PART FOUR: MONUMENTAL WOMEN
In a press release about The Famous Five put out by the National Council of Women of Canada, there is a statement about how little women’s history is taught in our schools and that The Famous Five were only famous to law students until MacLean’s Magazine placed these women and the Person’s Case among the twenty-five events that shaped our country in the past century. “Until 1999, the bronze plaque in the lobby of the Senate in Ottawa was the only major public recognition of The Famous Five,” they wrote. In a sense, it seems that the name itself is oxymoronic.
Around day seven of my research I came across Kathryn Carter’s name. She is a very much alive academic specializing in Canadian women’s history and she speculated as to why Canadian women heros remain relatively invisible in our culture, especially in comparison to our American sisters. “When I think about memorials in Canada,” she said, “I think of Susanna Moodie’s grave. Although it has received a certain kind of cult status, it does not have an official historical marker.”
She thinks it’s possible that Margaret Laurence drew people toward knowledge of Moodie’s life simply because she was inspired by the stone angel that marks her grave, and that Moodie became, in effect, a touchstone for many Canadian women writers. Meanwhile, said Carter, the gravesite was falling apart until Belleville, Ont. decided “after much prodding from outside sources,” to restore it. “[But] I don’t think Belleville understood the significance of it.”
Where is Margaret Laurence buried? What historic sites mark her memory? This question lies begging. I once wrote an obituary about Laurence’s first editor—indeed, he was also the person who sat down and typed her first novel while she took care of her young children. He also introduced her to Jack McClelland. Laurence lives on in popular memory as one of the birth-mothers to Can Lit, but what will become of her name three or four generations from now?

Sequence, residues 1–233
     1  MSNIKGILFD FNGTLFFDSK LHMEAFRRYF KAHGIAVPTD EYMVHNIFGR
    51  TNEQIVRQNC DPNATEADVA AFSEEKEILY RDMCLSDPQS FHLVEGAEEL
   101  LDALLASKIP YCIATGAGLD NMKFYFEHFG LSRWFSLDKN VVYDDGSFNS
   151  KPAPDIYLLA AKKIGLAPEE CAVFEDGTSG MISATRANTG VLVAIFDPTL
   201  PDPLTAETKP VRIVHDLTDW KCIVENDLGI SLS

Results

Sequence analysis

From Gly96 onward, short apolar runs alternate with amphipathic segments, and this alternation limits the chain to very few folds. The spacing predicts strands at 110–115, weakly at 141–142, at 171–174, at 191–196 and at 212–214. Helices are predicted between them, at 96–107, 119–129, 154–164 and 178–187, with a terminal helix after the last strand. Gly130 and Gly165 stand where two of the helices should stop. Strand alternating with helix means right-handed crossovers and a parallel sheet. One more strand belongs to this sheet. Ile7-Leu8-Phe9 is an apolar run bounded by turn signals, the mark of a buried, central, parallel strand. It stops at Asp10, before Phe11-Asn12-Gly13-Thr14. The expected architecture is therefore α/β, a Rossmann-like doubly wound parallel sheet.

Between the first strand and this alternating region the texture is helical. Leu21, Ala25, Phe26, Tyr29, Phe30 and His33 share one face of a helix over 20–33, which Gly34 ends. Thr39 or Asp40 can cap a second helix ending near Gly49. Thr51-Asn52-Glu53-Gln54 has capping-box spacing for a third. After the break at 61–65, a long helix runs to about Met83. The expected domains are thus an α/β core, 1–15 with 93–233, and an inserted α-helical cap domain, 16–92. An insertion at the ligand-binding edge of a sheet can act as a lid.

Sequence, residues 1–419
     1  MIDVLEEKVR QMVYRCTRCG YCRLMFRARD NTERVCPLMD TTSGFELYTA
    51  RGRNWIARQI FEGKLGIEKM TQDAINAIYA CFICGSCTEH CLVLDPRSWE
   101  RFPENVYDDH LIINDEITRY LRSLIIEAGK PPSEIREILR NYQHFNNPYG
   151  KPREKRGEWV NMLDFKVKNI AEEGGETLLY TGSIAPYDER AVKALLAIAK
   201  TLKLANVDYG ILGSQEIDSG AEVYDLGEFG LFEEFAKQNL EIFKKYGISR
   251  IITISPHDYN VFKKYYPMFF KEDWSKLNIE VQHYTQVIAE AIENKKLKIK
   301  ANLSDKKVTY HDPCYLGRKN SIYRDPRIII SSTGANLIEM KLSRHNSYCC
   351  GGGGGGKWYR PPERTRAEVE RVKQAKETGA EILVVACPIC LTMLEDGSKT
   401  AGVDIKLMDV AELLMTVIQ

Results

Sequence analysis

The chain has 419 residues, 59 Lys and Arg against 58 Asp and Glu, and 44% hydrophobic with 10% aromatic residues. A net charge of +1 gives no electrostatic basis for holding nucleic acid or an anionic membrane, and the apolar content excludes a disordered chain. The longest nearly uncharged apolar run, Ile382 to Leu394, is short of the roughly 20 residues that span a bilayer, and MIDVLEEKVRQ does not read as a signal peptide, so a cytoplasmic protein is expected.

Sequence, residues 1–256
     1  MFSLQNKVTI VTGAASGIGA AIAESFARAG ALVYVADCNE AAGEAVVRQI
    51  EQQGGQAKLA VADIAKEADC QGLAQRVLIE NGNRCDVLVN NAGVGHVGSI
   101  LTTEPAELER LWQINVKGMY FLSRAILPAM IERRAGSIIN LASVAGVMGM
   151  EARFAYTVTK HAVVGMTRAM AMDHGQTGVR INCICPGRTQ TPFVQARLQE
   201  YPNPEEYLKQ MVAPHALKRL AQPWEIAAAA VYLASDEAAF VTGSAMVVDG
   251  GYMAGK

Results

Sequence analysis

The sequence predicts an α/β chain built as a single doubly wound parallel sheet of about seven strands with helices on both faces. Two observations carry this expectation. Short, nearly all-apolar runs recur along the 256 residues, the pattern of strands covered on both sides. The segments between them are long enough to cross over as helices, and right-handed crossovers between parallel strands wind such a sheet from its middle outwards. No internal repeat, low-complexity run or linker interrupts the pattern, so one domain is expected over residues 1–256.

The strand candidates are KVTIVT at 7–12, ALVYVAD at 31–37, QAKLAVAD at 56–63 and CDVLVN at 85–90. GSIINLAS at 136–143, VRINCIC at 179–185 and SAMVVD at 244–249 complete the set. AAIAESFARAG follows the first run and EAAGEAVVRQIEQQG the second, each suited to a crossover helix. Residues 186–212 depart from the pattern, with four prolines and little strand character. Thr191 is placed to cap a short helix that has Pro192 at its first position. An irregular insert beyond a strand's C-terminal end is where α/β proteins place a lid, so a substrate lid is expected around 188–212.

Carter often finds that the artifacts she’s looking for—the ones that tell the stories of a woman’s life—have become lost or else crumbled beyond repair. “One woman lived in Alberta, and her letters were published in 1928 in the States. When I tried to track her down [her letters] were in the attic of a barn that was falling apart.” She has also gathered fragments of stories that were found in the walls of houses undergoing renovations; she once found diaries shoved inside a sugar sack, tucked into the rafters of a Saskatchewan house.
It took me a while to find substantial information about memorials of Canadian women, unless it was L.M. Montgomery. At first, I found a Parks Canada website listing national historic sites of Canada. Under “search” I typed in “women” and came up with this startling message: “zero locations found.” I didn’t give up the fight though and after wading through several more pages on The Famous Five, I came across another Parks Canada listing: “Sites, Persons, and Events in Women’s History,” providing a myriad of information from the Acadia Ladies Academy in Wolfville, to Women’s College Hospital in Toronto, with a smattering of convents along the way. Nothing overtly feminist here, although the fact that there were such places that primarily served women is not insignificant. Included in this list was the birthplace of Emily Carr, in Victoria, and Manitoba’s Walker Theatre—the site of labour and women’s movement meetings.
STAY TUNED FOR PART FIVE OF “MONUMENTAL WOMEN”